Vincent Cheng at the "Remember May 21st" commemoration event at the Speakers' Corner last year.
Former detainee Vincent Cheng has been prohibited from speaking at the NUS History Seminar to be held on June 4th at the National Library. The organiser NUS History Society has apologised to Mr Cheng and offered to read his speech at the event. Over the phone, Cheng told me he was not surprised and is looking forward to speak when another occasion arises. Last year, police harassed the venue owners of a forum I had planned on the 1987 arrests.
LATEST : Seminar will proceed without Vincent Cheng. (posted May 28th 1300hrs)
The NUS History Society will proceed with the seminar without Vincent Cheng. It has also decided, for unknown reasons, not to read out Cheng's speech at the seminar. When asked if Cheng is barred from attending the event in person, it said that it would be up to the National Library Board to decide.
The following is the statement from NUS History Society, following my queries on facebook.
The NUS History Seminar 2010 will proceed as per normal on 4 June 2010, 2.30p.m at the National Library Board, The Pod. Unfortunately, Mr. Vincent Cheng will not be on the panel of speakers. Thank you.
President, NUS History Society
Ah, short, terse and safe statements. Years from now, the History Society may be seen as the willing censors in this episode. Therefore, what transpired between you and NLB should be made transparent to all now. Who made the call to take Mr Cheng off the list? What was the reasoning for barring him from speaking? Is he allowed to even attend the event now that you are proceeding without him? Are you allowed to read his speech at the seminar?
- Martyn See Tong Ming
The NUS History Society was the one who initiated and planned forth this seminar intending to share with Singaporeans cross-factual perspectives, experiences and discourses on Singapore History. To that, even with the exclusion of Mr. Cheng as a speaker, the objectives set forth by the Society will still be met, albeit not as comprehensive as what we would like it to be. To state that "the History Society may be seen as the willing censors in this episode" is not being fair to the Society and the students running this organisation as this Society was the one who extended the invitation to Mr. Cheng to speak and share at our humble event.
I had a meeting with Mr. Cheng himself on 26 May 2010 (Wednesday) to discuss his scope of discussion so as to better facilitate the seminar on Friday. It is our objective to present his side of the story as accurately as possible.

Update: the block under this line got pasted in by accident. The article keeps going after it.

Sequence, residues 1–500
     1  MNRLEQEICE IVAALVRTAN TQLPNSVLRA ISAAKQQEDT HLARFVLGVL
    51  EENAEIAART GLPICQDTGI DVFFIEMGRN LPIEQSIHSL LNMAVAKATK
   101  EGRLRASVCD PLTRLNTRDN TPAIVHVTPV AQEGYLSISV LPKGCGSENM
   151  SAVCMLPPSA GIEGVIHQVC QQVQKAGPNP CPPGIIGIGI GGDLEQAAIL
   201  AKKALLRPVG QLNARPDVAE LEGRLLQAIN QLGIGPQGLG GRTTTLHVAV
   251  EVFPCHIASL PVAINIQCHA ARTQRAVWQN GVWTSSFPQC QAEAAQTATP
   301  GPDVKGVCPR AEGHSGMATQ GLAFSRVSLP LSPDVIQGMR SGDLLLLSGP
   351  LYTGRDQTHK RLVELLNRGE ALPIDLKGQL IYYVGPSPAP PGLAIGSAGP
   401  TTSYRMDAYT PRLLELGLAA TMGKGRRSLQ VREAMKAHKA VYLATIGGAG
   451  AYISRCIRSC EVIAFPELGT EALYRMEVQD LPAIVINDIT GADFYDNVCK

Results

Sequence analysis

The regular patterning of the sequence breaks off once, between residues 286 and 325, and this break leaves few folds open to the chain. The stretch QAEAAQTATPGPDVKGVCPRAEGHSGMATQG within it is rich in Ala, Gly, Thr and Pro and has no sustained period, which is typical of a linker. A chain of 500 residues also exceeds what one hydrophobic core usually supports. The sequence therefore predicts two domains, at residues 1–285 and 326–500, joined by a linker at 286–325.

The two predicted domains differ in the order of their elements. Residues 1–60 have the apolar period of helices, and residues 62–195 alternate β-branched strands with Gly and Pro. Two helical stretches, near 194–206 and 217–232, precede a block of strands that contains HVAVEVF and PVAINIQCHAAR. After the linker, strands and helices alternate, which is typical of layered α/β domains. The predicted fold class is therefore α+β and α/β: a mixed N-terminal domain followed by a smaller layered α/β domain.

The NUS History Society certainly did not make the call to take Mr. Cheng off the list. From my own understanding, I do not know how and what the National Library Board will do in the event Mr. Cheng turns up at the seminar on the day itself. Please note that the National Library Board is sponsoring the facilities and resources to the NUS History Society.
We have indeed offered our most sincere apologies to Mr. Cheng but as to having his speech being read out, it was something that I suggested to him but at the point of my conversation with him, I have yet to discuss it with my committee. As a Society, we have decided not to have Vincent's speech read out, even though I am liaising with Vincent to obtain his speech.
I have attempted to clarify your queries to the best of my abilities.
Below is a comment left by another former detainee of 1987's "Marxist conspiracy" saga, Ms Teo Soh Lung, on TOC.
Teo Soh Lung 28 May 2010
Speakers’ corner is just a corner, a little garden space that is not at all charming. Vincent and his friends do not have the voice of the famous tenor who sang at the Botanic Garden.
I do not see why NUS History Society should accept the ban. The National Library is a public space and we all pay taxes to build it. As long as the forum is not about organising a violent uprising,everyone especially an august society like the History Society should be welcomed to use it. The History Society and the library need to give the public an explanation immediately.